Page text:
Rydal Water

If a circuit of Loughrigg sounds too energetic for you, then just walk towards Pelter Bridge, turn left before crossing it, and take the path up to Rydal Water. You can take the high or low paths alongside Rydal Water - and may even want to do this in the moonlight.

Starting off on this route allows you to go as far as you want - the path will take you all the way into Grasmere in just over an hour (or a bit longer if you are stopping to look at the views).

Grasmere by the Coffin Route

This is a beautiful, quite gentle and highly recommended walk through Rydal, left just past Rydal Mount and then along a path winding above the road and the Lake eventually coming down into Grasmere past Dove Cottage. You can then explore Grasmere and walk back on the other side of Grasmere and Rydal Water. A shorter version of this walk cuts out Grasmere altogether by coming down over White Moss Common and crossing to the other side of Rydal Water via the White Moss car park.

Alcock Tarn

This is a more energetic extension to the Coffin Route. Before you come down into Grasmere take the signposted route up the fellside to Alcock Tarn - a scenic and peaceful place. There are great views on the way up as well. You can come down into Grasmere on the other side of the Tarn.

Nab Scar

For a bit more exertion and for more great views walk up to Nab Scar through Rydal. This is the first part of the Fairfield Horseshoe Walk (see below) and was one of Wordsworth's favourites.

Fairfield Horseshoe

if you are reasonably fit this is a wonderful walk giving you dramatic views in all directions and is one of our favourites from the cottage. A number of the walking books in the house give detailed directions for this well-known walk, but you start in Rydal just up from Rydal Mount. Do take care in poor visibility. It is very easy to take a wrong turning at the apex of the horseshoe if you cannot see the landmarks around you - on one occasion we ended up in Glenridding in the dark of a November evening by not taking enough care (well not bothering to look at the map or compass at all) in bad weather! Indeed best leave this walk for a fine day if the weather is bad. It is glorious in good weather.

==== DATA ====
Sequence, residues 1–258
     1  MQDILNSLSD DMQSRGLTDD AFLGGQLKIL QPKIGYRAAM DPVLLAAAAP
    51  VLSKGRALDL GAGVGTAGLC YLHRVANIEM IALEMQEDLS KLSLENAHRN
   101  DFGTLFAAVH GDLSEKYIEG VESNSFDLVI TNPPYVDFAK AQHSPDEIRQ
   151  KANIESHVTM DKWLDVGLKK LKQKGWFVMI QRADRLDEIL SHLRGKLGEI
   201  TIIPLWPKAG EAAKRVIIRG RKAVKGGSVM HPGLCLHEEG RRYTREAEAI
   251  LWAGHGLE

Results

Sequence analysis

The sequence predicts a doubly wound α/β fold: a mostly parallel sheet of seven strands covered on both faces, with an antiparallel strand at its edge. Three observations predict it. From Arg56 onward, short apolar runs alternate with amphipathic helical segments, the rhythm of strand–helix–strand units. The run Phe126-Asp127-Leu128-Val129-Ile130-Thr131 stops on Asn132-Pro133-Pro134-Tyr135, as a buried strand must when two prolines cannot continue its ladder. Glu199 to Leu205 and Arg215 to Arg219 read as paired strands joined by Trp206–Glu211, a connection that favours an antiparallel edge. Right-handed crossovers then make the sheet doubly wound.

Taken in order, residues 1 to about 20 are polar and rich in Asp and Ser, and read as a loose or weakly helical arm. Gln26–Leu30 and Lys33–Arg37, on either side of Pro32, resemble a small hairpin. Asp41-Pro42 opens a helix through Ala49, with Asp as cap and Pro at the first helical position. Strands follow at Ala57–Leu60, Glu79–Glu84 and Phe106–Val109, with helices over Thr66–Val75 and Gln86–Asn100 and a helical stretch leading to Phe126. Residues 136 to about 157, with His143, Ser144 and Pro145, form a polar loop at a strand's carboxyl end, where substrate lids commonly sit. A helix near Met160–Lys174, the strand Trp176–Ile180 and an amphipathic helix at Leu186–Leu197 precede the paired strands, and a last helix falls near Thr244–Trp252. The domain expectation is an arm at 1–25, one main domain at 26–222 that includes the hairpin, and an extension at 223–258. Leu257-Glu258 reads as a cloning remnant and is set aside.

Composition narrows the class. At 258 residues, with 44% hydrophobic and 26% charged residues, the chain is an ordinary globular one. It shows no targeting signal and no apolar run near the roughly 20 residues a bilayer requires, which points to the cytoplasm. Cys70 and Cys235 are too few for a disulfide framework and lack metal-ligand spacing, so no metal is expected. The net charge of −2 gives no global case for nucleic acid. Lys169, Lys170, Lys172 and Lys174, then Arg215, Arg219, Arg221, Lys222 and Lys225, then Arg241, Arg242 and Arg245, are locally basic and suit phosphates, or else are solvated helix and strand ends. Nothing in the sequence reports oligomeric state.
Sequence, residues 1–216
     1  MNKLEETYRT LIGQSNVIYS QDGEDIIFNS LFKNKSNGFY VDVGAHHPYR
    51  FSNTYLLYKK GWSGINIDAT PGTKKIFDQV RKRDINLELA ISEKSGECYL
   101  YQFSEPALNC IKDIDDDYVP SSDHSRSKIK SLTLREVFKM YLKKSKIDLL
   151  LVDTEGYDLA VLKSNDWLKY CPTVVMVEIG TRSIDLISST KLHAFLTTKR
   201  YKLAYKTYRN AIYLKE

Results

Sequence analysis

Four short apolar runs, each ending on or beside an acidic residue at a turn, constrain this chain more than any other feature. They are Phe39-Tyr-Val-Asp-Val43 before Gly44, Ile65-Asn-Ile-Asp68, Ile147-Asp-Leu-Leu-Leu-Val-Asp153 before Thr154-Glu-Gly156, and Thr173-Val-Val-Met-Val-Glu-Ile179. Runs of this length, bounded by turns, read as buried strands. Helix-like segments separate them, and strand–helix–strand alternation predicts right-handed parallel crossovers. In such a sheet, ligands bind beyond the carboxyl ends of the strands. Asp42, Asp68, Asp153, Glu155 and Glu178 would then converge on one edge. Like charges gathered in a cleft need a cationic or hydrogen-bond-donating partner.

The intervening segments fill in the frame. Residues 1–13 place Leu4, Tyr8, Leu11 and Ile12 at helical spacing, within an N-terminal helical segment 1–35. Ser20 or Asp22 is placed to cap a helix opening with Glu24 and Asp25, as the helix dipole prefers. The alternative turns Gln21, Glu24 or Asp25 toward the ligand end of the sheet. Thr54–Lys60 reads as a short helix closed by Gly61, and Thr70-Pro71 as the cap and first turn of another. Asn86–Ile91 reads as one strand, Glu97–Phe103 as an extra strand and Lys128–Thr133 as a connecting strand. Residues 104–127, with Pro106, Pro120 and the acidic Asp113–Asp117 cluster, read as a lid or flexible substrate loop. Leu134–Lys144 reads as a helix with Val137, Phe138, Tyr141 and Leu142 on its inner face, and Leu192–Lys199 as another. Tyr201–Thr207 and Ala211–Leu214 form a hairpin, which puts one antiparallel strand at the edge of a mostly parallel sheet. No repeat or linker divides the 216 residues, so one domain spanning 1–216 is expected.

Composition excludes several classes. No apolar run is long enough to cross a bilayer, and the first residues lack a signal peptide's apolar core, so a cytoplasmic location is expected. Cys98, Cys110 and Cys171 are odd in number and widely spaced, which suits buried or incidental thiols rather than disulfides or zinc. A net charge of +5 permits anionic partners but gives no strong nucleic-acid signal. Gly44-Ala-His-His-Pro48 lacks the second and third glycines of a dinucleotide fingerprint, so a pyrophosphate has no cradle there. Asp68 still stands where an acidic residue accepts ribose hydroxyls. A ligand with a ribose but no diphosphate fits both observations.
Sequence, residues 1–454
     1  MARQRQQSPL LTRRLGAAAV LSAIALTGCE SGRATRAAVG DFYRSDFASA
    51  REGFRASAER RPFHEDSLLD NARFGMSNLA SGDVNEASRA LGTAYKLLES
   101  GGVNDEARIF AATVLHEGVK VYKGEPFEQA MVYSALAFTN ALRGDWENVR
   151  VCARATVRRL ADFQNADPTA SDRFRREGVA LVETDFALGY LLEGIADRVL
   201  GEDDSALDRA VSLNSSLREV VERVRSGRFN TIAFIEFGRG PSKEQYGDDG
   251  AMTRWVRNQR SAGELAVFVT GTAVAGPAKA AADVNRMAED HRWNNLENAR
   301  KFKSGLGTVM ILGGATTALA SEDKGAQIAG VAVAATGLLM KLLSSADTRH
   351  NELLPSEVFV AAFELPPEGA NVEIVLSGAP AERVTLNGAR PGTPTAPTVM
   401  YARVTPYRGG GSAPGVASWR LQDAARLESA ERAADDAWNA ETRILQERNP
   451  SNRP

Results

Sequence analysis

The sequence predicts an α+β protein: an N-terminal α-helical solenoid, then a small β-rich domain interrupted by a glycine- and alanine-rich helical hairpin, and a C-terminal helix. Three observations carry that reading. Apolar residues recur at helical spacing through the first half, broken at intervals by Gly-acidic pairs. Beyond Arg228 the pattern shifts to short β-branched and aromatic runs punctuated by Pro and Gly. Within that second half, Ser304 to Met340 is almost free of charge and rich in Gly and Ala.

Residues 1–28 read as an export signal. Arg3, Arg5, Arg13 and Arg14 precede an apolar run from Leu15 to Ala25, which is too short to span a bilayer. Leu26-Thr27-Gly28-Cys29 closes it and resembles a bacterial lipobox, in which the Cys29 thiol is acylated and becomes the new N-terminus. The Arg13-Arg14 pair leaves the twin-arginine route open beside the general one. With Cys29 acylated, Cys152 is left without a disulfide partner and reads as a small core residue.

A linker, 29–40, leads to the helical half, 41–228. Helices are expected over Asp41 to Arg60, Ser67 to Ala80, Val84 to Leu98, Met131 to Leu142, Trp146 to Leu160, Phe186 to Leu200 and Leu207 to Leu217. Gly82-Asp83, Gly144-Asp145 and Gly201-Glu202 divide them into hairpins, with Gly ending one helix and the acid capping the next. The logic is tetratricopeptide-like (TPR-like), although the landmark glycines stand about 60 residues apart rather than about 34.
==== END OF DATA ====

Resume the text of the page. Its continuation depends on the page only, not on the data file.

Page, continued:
Stockghyll Force Waterfall

This starts in Ambleside. If you want you can drive in and park in Ambleside, but it is only an extra 20 minutes or so level walk in to town. Stockghyll is an impressive water fall and should not be missed while you are here. Start in the centre of Ambleside by walking past the Salutation Hotel and then turning left down a small road between Barclays Bank and Market Hall. Join a lane off to the left signposted "Stockghyll and Wansfell Pike" and follow a sign to "Waterfalls". Follow the lane up the hill until the path leads off into the woods alongside the river and up to the falls.

Wansfell Pike and Troutbeck from Ambleside

This is a great longish walk that takes in Stockghyll Force, Wansfell Pike - which is the hill you can see from the front windows of Loughrigg Cottage, then down the other side into the lovely village of Troutbeck and back around through Skelghyll Wood into Ambleside. You might want to have lunch at one of the pubs in Troutbeck.

Look out for Loughrigg Cottage from the top of Wansfell - it can be seen very clearly.

Red Screes

Another lovely high level walk with great views is up from Ambleside to Snarker Pike and Red Screes then back down the Scandale Valley.

Walks from Grasmere

If you are happy to start with a walk into Grasmere then you have a whole set of further walks you can do from Grasmere, although you could cut that out by driving into Grasmere first. Some of our favourites from Grasmere are Easedale Tarn, Silver How, and a circuit taking Helm Crag and Calf Crag.

Getting in the car

At some stage you will want to get in the car and explore further afield. Do remember to take change for the car parks. Some of our favourite closer destinations are:

Langdale - there is a huge variety of walks and the car parks at Dungeon Ghyll are only about 10/15 minutes away by car. Climb up the Langdale Pikes, Crinkle Crags, Bowfell or the beautiful lower level circuit of Great and Little Langdale taking in Blea Tarn. It is also possible to walk up to Scafell from the end of the valley - not to be missed if you have fine weather and are reasonably fit.

Elterwater - very pretty village on the way to Great Langdale. You can park on the common here. You can start the circular walk of Great & Little Langdale from here, or do a very pretty low level walk around Elterwater itself” and then continue with the final sentence.. Eltermere Inn recommended if you fancy a good lunch on the way.

Thirlmere - drive up the A591 beyond Grasmere to the Thirlmere reservoir. Park at the southern end for a great circuit of Thirlmere or a bit further up at The Swirls car park to ascend Helvellyn without needing to cross Striding Edge.


Local Walks

There is a great choice of walks available from the Loughrigg Cottage

For prices, availability and online booking please either call Lakelovers on 015394 88855 or book online